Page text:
I’ve binged, I’ve puked, and I’ve been on every possible diet that drives women clinically insane, mostly because I truly believed that the answer to one failed diet, was an even more restrictive, life-controlling, all-I-can-think-about-is-my-food-and-my-fat kind of diet.

What the hell, I’m gonna take this opportunity to name a few of my most out-of-control diets, just to commiserate if any of you out there are really feeling the *shittiest* right now.

  • Atkins
  • South Beach Diet
  • The Grapefruit Diet
  • The Cabbage Soup Diet
  • Calorie Counting
  • The Three Apples A Day Diet
  • The Vegan Diet
  • Only Raw
  • Only Juice
  • The Fat-Free Diet
  • The Protein Power Diet
  • The Alternate Day Fasting Diet
  • The No Food After 5PM Diet
  • The Fat Flush Diet
  • 3 Hour Diet

AND wouldn’t you know it? Through all of these, I STILL managed to stay about 30 lbs overweight throughout most of my teen and college years.

Fifteen years later, I can pretty much guarantee that, “Changing the Diet” isn’t the answer. On the contrary, every time I relax my tightly clenched fist around food rules, and let go of my latest attempt to lose weight, I end up eating less food, and more importantly, thinking less food.


There are as many kinds of food plans as there are people eating them with success. A friend of mine recovered when she stopped eating diet foods. She said she’d been dieting all her life, and it had nearly killed her. These boundaries look different for everyone. For some people, it is about learning how to eat the cookie. For others, it is about learning how not to eat it. It’s only important to know which side of the equation you are on. Either way, the goal is the same: sane and guilt-free eating in sync with unconditional body love ( aka no body bashing).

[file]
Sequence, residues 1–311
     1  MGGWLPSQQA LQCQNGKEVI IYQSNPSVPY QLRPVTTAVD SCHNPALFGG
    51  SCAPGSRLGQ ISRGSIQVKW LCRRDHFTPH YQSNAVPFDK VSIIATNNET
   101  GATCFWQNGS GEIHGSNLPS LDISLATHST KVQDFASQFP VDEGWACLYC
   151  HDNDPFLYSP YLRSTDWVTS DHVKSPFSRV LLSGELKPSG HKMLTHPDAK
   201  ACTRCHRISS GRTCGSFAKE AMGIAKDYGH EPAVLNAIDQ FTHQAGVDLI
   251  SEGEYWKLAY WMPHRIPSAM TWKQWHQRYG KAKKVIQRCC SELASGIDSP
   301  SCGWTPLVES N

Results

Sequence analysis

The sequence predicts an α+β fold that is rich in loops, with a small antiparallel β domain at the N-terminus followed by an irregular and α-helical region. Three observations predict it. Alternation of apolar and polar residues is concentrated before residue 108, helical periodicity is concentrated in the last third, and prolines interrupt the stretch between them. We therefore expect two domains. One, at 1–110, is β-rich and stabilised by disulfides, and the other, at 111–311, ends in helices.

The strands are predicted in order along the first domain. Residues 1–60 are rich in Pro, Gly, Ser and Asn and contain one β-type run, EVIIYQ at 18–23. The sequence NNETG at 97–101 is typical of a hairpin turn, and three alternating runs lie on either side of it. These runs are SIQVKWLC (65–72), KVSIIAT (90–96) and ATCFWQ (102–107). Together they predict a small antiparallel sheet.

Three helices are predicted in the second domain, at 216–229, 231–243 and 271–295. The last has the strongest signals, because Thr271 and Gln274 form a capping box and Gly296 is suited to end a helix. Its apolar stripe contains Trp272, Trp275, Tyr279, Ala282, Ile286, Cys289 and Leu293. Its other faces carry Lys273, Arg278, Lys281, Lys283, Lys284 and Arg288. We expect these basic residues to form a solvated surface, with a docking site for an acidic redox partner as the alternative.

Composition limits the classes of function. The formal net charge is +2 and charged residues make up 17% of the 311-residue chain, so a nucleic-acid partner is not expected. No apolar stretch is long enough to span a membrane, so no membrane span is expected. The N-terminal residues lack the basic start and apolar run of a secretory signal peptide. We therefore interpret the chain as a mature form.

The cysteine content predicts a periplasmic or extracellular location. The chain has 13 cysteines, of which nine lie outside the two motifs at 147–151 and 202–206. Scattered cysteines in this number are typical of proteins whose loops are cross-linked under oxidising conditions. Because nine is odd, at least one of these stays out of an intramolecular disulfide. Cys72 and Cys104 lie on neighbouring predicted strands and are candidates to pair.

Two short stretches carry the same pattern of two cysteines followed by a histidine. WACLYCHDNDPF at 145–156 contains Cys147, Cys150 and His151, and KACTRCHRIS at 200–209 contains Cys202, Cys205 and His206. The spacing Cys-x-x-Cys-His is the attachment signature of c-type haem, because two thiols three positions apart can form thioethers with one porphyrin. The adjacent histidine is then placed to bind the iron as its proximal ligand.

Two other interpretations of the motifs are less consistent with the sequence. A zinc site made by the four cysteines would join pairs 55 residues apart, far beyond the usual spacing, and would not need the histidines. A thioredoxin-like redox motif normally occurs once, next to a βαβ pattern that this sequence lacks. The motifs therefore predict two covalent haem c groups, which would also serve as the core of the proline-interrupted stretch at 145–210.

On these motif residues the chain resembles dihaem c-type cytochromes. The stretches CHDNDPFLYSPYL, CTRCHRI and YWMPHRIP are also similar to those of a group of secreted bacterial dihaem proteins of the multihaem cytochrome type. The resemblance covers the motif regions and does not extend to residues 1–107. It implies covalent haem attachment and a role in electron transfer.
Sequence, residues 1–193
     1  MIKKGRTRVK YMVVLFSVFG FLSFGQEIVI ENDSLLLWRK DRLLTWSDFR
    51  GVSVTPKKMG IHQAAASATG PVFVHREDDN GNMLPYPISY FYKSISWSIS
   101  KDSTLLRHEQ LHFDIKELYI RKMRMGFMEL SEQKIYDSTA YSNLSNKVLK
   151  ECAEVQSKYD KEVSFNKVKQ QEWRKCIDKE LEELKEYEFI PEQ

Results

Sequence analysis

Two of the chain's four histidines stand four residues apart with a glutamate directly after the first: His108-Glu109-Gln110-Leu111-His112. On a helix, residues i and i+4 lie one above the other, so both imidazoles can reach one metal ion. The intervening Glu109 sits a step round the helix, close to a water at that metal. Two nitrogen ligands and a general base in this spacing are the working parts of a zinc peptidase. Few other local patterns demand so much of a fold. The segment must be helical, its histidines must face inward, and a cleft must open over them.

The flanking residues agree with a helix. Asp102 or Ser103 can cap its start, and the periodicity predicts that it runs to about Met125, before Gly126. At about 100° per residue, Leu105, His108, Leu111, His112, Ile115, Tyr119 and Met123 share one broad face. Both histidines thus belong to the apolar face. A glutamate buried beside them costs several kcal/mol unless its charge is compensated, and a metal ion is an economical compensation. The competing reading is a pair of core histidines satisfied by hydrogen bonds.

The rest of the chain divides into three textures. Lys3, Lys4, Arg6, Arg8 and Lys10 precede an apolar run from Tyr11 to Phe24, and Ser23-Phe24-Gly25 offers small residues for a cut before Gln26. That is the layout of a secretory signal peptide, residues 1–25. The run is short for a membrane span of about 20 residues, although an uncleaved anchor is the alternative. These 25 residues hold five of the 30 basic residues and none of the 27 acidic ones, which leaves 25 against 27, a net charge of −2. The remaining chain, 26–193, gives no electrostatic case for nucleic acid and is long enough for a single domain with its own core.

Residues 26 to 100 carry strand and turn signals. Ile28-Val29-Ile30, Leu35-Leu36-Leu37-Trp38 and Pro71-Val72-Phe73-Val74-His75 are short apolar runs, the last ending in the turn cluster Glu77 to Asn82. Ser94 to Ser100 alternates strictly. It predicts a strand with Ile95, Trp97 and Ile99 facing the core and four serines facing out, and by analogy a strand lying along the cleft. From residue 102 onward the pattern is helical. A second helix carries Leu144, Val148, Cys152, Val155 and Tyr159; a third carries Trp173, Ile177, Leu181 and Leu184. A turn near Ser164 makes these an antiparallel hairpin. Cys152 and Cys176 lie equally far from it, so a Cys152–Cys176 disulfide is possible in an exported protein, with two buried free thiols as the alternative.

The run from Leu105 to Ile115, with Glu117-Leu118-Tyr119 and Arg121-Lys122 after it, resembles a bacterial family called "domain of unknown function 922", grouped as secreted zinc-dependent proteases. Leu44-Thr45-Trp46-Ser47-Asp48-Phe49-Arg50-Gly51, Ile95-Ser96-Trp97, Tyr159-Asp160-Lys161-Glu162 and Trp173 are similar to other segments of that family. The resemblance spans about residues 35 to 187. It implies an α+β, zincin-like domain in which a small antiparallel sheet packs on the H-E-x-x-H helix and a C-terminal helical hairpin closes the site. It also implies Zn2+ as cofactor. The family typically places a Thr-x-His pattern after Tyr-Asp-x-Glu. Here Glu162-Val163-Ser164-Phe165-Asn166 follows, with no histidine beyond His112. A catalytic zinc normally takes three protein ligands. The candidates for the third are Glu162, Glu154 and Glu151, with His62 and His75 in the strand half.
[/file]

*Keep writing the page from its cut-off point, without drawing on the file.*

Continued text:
You may fear that if you let go and start to enjoy food more than you already do, you’ll eat and eat and never stop. I think just the opposite is true. The more you enjoy eating, the more selective you will become. The more you eat with awareness, the more you’ll want to develop your appetite and not spoil satisfaction by overdoing it. Eating won’t go on endlessly when you are in touch with not wanting more food. True enjoyment depends on knowing when you are hungry and when you are full.


I still remember way back, the way I used to think was if I wasn’t full, then I must be hungry and probably should eat. Hunger was a dangerous state. If I allowed myself to get very hungry, I would surely overeat when I finally got the chance. The experience of a genuine appetite was always fraught with anxiety that I was about to go to hell. So I ate to avoid letting myself experience hunger in the hope it might keep me from binging. This meant I snacked constantly and never felt empty.

The way out of the trap is the only trusting your body and your appetite rather than trying to control it. Of course, your appetite is hooked in to other needs besides nourishment. Food is a source of comfort and relaxation. It’s a social medium. It obviously can fill a void of loneliness, distract you from worry and annoyance, or soothe a hurt– but only up to a point. There’s nothing wrong with this. The problem arises only if you keep eating after the food has given every bit of satisfaction it possibly can. If you can begin to notice that turning point, you begin to have some choice. And only when you address your real needs, your genuine appetite and trust your body, you can truly lean in to experience great food with a body you love to match, for life.


In the comments below, I would love to know which crazy diets have you been on? And this week’s challenge is to think in terms of nourishment rather than restriction and diet. The sooner you can switch your eating mentality to one of Nourishment instead of Restriction; you will already be setting yourself up to succeed.


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